that Friday is the Commemoration of the Seven Sorrows of Mary. The Church
has us recall her sorrows just before Holy Week, so that we can recall her role
as Co-redemptrix with our Lord, Mediatrix
of all grace. Please make the effort to attend the Stations of the
Cross and the Mass of our Lady
we begin the season known as “Passiontide”—the two
weeks in which the Church asks us to meditate very closely on the
major events of our salvation—the Passion, Death, and
Resurrection of our Lord Jesus Christ. We should think of it as
a deepening Lenten observance—with an emphasis on the need for
renewing our relationship with God, and understanding the serious
consequences of breaking that relationship through sin, or through
indifference to the love of God.
Paul tries to put this into perspective in today's Epistle. He
reminds us that in the Old Testament the Jewish people could offer
God nothing more than the sacrifice of a few of their animals; a
goat, a calf, perhaps a pigeon or a dove. And the priests who
offered those animal sacrifices for them were just sinful men like
themselves. A very poor payback for all of the liberties they
were accustomed to taking with God's Commandments. But now,
with our Lord's sacrifice, we have the ability to offer God something
perfect. We now have the perfect sacrifice, offered by the
is God, Himself, Jesus Christ, the Son of God—true God and true
man—who offers Himself up for our sins. By undergoing His
Passion on the Cross, He has, once and for all time, freed us from
the debt of sin —a debt that we had absolutely no way to repay
on our own.
me call your attention to this word we use: “Passion.”
It is misunderstood by most modern people. They usually
think it has something to do with steamy (and unlikely) romances,
like those in the soap operas. Often, people don't understand
what we mean by the “passion” of Christ. Now,
obviously it has nothing to do with over-acted dramas. But in a
sense, it does have to do with romance—the truest sort of
love—the love of God, giving Himself unselfishly for the people
whom He loves, in spite of their unworthiness and ingratitude.
accurately defined, is the opposite of “action.”
“Action” means taking the initiative; seizing the
situation, and doing what one desires, or needs to do. "Passion"
is quite the opposite. It means abandoning one's self; giving
up one's free will, and surrendering one's self to the designs of
the immediate sense, our Lord surrendered Himself to the will of the
Jews and the Romans who crucified Him. The Creator gave Himself
over to the will of His creatures—who were free to accept or
reject Him —to love Him or to hate Him.
a more general sense, our Lord surrendered Himself to our wills. For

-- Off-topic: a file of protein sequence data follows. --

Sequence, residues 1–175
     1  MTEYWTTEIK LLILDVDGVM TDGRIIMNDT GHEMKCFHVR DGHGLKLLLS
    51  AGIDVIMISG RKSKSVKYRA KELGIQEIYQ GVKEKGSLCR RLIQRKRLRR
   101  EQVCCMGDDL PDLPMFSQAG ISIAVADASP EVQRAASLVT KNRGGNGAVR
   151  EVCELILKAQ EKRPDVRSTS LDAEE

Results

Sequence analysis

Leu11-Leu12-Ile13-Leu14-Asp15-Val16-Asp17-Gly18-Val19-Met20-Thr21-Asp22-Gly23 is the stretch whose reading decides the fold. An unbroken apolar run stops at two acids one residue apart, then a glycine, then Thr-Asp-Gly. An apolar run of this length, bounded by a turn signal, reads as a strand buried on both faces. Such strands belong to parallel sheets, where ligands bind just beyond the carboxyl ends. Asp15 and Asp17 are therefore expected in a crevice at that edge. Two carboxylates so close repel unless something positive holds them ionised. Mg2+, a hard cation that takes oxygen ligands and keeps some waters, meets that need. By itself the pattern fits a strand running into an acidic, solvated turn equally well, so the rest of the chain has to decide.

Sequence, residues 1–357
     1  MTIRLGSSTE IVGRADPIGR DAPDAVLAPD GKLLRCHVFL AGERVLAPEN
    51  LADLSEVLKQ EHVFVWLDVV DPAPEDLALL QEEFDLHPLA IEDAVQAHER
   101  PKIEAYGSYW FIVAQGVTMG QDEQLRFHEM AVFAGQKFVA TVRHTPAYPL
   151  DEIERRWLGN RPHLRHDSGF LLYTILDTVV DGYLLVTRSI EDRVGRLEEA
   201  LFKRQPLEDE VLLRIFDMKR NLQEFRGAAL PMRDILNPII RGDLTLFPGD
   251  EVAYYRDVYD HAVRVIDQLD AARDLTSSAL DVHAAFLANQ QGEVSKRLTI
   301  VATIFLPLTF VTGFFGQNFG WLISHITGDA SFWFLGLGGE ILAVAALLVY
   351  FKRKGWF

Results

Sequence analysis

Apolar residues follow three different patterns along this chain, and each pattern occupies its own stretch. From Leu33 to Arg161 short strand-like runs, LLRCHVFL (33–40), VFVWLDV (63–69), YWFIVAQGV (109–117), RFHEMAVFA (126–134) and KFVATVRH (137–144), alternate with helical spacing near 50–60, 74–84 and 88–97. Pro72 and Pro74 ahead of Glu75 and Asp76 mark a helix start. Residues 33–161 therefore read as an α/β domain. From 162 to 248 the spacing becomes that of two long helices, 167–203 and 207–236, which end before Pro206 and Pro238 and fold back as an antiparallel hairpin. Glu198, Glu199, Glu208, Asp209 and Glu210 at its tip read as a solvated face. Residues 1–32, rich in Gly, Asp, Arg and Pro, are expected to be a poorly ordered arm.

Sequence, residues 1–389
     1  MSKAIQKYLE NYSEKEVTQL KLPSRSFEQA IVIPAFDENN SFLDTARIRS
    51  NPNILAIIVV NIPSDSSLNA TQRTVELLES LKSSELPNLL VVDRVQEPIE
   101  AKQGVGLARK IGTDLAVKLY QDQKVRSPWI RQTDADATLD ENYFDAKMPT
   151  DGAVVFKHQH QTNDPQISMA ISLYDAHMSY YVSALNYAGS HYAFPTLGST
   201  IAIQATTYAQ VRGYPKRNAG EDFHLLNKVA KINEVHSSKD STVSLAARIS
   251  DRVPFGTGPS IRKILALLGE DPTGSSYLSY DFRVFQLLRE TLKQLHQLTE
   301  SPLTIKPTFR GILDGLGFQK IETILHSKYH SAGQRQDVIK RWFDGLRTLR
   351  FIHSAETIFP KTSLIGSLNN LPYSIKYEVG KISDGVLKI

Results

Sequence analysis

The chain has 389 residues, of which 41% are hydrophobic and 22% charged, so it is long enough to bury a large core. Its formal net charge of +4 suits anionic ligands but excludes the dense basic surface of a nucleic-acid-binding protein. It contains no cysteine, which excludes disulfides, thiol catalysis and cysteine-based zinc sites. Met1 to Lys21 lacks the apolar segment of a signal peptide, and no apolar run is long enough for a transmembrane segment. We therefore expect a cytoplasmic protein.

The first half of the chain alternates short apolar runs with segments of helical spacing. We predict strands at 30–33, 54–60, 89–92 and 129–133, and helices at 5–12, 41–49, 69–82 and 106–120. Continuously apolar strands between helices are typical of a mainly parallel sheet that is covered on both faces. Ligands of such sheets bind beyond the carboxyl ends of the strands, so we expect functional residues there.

we are also His creatures—likewise able to accept or reject
in the eternal sense—infinitely more important—our Lord
has united Himself to all humanity, and surrendered Himself—and
us along with Him—to the will of the Father. The
creatures are thus given over to the Creator. That is the true
essence of our salvation—the reuniting of our wills with the
will of God. In Jesus Christ, and in His Passion, we who are
unable to repay anything, are forgiven of everything. Man and
God are re-united in the Passion of the God-man.
I mentioned that in the coming two weeks we should meditate very
closely on the events of this Passion. That meditation has to
be introspective—that means that we have to understand not only
what the Passion is, but how we should relate to it.
Lord endured cruel suffering—poured out His Blood—and
died for us. Infinite God gave Himself up for His lowly
all too often, we are indifferent:
Church is in deep trouble, but we are reluctant to do anything except
watch; “That's the pope's problem,” we say, “or the
bishop's or the priest's.” If we were truly grateful for
the Passion, we would be falling all over ourselves looking for ways
to help; with prayer, and contributions, and personal effort.
society is in much the same trouble. The world is upside down!
Influential people promote sin, and frustrate goodness. We
are well on our way to becoming a society that does not even know
God. Again, if we were sincere in our Faith, and grateful to
God, we would be trying to do something about it.
own families experience many of the same difficulties—indeed,
our own personal lives. Do we do anything about it?? Do
we pray? Are we doing penance? Are we giving good
example? Are we making the effort?
next two weeks contain the key to changing all that. The Masses
and ceremonies of Passiontide give us wonderful material for
meditation —to share our Lord's pain, to understand His
anguish, to return His love.
hope that the Masses of the next two weeks, the stations of the
Cross, the liturgy of Good Friday, will be packed with people, who
have come to understand the love of God, and to get serious about
returning that love.
no mistake about it—our world is at a cross roads—and
what we do during the next two weeks, and during the next few years,
will make all the difference—both for society on earth, and for
our own personal salvation.
be indifferent to the God who loved you so much that He gave Himself
up to die for love of you!